Abstract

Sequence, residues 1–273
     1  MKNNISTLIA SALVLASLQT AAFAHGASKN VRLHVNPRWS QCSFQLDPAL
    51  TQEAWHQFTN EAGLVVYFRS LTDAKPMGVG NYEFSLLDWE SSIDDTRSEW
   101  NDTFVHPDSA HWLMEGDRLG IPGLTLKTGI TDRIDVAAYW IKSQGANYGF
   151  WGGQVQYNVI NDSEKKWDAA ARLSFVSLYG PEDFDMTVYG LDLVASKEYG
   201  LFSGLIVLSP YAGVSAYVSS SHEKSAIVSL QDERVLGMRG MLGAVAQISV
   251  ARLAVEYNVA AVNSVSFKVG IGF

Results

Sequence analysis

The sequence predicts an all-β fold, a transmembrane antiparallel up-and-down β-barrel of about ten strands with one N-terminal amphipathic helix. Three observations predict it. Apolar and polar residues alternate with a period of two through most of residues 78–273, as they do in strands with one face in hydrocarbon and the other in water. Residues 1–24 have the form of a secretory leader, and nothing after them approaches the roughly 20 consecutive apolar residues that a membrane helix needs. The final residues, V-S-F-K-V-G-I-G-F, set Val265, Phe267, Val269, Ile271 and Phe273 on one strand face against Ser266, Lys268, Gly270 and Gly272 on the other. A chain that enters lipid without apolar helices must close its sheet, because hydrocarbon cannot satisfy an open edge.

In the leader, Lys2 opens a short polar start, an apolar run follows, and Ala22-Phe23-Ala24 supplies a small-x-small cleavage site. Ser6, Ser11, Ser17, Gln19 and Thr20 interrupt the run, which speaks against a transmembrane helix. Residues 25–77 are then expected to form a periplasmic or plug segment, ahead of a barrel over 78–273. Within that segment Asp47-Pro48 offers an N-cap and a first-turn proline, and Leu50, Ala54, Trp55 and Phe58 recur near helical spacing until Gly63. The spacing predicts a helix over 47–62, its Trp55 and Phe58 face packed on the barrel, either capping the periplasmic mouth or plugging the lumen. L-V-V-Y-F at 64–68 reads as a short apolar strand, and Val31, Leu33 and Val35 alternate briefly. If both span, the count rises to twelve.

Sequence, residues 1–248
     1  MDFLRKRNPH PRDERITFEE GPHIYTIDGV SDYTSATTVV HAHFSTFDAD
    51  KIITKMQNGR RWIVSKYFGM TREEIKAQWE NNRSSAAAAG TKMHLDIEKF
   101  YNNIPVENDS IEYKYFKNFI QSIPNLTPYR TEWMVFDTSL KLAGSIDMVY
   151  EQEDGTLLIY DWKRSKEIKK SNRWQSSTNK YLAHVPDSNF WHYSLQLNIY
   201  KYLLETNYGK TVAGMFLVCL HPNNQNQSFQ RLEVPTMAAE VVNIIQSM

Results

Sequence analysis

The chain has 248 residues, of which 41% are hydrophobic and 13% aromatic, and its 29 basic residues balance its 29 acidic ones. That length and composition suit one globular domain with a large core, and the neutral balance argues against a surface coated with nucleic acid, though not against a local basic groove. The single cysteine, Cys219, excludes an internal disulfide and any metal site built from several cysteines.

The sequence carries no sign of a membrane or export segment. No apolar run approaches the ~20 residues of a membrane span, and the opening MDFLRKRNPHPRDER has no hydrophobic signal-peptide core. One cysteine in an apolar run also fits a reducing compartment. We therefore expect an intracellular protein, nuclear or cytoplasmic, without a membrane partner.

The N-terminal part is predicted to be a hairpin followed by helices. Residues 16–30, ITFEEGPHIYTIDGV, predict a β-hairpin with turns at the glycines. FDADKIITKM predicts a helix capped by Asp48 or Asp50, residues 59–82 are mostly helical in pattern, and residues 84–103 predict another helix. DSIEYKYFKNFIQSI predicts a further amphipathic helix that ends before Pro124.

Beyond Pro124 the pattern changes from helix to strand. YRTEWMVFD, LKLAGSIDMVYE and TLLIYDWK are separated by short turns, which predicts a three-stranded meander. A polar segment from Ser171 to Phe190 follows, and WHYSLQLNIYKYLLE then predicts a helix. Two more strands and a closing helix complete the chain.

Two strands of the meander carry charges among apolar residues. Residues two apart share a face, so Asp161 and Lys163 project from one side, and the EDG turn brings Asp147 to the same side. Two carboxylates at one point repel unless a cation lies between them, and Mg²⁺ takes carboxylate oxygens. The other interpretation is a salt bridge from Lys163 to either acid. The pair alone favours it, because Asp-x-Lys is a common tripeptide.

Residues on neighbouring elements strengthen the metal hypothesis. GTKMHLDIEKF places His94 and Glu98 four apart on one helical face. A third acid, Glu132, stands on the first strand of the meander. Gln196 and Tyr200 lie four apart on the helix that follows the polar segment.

We report new radiocarbon ages, pollen stratigraphy, and botanical composition of an organic sediment sequence from mountains along the northwestern side of Lake Baikal. The calendar age of the peat is ca. 9.5 kyr BP. The pollen spectra between 9.5 and 8.5 kyr ago show vegetation consisting mostly of open larch and spruce-larch forests with minor birch. The interval from 7.5 to 6.8 kyr BP is marked by broad fir spread confirmed also by the peat botanical composition. The climate inferred for the period of fir dominance combines mild winters, cool summers, thick snow cover, and abundant moisture, apparently due to more intense North Atlantic air transport. Fir percentages decrease dramatically after 6.8 kyr BP, when pines begin to spread in the Baikal watershed. The peat record bears imprint of North Atlantic cooling events identified as intervals of ice-rafted detritus deposition and low surface water temperatures. The new data allow a better insight into the regional climate and landscapes, and the reliable age model provides regional and inter-regional correlations of global change events.

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